Chickens had to come home to roost for Maponya, says Matjila



Former Public Investment Corporation (PIC) boss Dan Matjila has described businessman Kholofelo Maponya as having ”very little respect for good governance”.

Maponya is suing the PIC and SA Home Loans for R45-million in transaction fees which he says are due to him for work in a deal where the PIC invested R9-billion in SA Home Loans.

READ MORE: Allegations about dealings with SA Home Loans are malicious — Matjila

Giving testistimony on Monday at the commission probing alleged impropriety at the PIC, Matjila said that Maponya was removed as chief executive of poultry producer Daybreak Farms following a forensic investigation that found that there was maladministration and “lack of respect for governance on the part of Mr Maponya”.

In May, head of impact investing at the PIC, Roy Radjah told the commission that the state asset manager in 2015 provided R1.2-billion in funding to agricultural services group Afgri to purchase Daybreak shares.

Radjah said the PIC had been approached by Maponya on behalf of a consortium, Maponya Matome Investments (MMI).

The PIC took a 36% stake in Daybreak while Afgri held 54% and 10% was held by staff.

The poultry firm was technically insolvent just six months after the PIC’s investment, reporting a R28-million loss. Matjila told the commission that the PIC decided to replace Maponya with someone who would stabilise operations at Daybreak so that the PIC could “protect its investment”.

“He was running things as if he was the board and everything. He set up many other things, made changes without the approval of the board which unfortunately did not contribute to the company,” said Matjila.

“We had to intervene. We removed Mr Maponya and replaced him with Mr Tinus de Jonge while looking for a more suitable individual,” he said.

Maponya was eventually replaced by former Unemployment Insurance Fund (UIF) commissioner Boas Seruwe.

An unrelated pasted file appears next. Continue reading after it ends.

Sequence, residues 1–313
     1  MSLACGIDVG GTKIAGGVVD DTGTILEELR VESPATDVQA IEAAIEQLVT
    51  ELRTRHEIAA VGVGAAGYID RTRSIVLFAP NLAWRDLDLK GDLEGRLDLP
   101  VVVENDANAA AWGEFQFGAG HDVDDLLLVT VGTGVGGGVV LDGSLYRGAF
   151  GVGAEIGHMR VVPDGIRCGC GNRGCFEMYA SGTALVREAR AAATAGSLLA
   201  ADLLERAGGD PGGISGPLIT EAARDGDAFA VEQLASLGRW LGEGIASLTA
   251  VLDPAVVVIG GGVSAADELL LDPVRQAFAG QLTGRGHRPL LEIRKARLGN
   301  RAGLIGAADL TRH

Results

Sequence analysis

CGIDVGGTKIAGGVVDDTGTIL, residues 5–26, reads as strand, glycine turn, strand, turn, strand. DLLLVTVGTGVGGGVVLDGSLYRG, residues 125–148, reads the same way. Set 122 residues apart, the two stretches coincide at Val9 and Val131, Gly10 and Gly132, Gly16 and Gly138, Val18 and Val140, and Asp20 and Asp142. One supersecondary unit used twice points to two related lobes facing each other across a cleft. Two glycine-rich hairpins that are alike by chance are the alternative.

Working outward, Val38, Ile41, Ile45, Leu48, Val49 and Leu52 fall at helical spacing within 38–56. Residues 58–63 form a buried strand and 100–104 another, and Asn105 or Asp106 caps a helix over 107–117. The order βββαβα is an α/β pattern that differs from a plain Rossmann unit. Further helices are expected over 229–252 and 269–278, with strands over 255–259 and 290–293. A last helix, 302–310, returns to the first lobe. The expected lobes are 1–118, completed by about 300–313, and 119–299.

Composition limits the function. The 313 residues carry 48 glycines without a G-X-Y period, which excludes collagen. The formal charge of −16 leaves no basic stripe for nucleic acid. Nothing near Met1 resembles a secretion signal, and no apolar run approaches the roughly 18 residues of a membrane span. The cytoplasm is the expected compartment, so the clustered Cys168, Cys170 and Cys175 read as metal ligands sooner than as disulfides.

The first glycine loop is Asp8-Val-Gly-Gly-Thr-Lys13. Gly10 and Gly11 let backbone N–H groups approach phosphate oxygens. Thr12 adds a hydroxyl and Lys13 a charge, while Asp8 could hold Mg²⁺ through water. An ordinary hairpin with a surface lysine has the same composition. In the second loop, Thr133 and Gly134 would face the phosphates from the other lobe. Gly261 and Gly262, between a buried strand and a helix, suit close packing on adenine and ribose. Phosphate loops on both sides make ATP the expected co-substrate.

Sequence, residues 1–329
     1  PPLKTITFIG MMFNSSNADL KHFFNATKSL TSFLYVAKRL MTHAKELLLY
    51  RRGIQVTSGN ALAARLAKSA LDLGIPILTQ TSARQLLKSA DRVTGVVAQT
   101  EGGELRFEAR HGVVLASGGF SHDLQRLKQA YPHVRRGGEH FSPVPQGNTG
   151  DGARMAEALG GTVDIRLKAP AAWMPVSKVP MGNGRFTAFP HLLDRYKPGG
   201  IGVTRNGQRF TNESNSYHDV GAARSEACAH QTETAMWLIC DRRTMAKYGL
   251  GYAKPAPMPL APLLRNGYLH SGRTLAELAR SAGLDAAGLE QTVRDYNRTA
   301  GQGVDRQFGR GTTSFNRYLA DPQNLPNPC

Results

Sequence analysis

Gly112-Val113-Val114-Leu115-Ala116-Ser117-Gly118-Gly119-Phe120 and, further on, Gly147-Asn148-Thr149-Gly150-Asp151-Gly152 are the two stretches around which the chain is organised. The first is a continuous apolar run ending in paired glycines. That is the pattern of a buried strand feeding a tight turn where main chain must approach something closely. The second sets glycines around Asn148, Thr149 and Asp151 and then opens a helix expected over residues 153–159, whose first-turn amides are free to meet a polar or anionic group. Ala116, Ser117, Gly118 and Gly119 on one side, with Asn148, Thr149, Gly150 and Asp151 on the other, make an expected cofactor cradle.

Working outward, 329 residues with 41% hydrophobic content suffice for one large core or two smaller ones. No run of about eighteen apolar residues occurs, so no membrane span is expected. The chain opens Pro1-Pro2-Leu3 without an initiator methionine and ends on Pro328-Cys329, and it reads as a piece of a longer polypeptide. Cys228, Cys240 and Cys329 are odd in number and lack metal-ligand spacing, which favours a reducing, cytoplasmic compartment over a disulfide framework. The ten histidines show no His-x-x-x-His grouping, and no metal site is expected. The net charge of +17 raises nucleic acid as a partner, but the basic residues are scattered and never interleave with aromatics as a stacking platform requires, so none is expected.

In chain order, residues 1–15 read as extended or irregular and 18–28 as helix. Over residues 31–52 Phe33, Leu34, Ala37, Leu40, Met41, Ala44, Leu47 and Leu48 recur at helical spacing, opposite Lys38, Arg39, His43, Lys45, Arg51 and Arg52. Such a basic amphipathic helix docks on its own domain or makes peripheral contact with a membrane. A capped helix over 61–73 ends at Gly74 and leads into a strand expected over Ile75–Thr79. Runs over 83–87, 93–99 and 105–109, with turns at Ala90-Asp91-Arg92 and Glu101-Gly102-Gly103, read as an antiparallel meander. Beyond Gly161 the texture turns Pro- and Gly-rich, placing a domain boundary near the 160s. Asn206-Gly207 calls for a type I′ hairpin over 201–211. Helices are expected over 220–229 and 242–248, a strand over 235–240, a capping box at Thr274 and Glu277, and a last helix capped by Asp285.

“Daybreak Farms is now profitable and making a significant contribution to transformation in the poultry industry,” Matjila said.

He said the biggest failures with respect to the Daybreak transaction had been the failure of governance at the concern.

We make it make sense

If this story helped you navigate your world, subscribe to the M&G today for just R30 for the first three months

Subscribers get access to all our best journalism, subscriber-only newsletters, events and a weekly cryptic crossword.”

Thando Maeko
Thando Maeko is an Adamela Trust business reporter at the Mail & Guardian

Related stories


Already a subscriber? Sign in here


Latest stories

Russia’s invasion of Ukraine could be firestarter of global economic...

Developed countries could do much to help counterparts in the developing world weather the current storm

A female condom can take sexual pleasure to new heights

Internal condoms not only offer protection, they increase the user’s control and the rings tickle the clitoris and penis

Zuma corruption trial on hold as court waits for word...

The Pietermaritzburg high court was surprised by the delay in Bloemfontein but said it would likely not be the last

SA’s endemic corruption requires a ‘biting’ response

Beneficial ownership transparency (BOT) can help tackle corruption, reduce investment risk and improve national and global governance, but implementation remains ‘a sad story’

press releases

Loading latest Press Releases…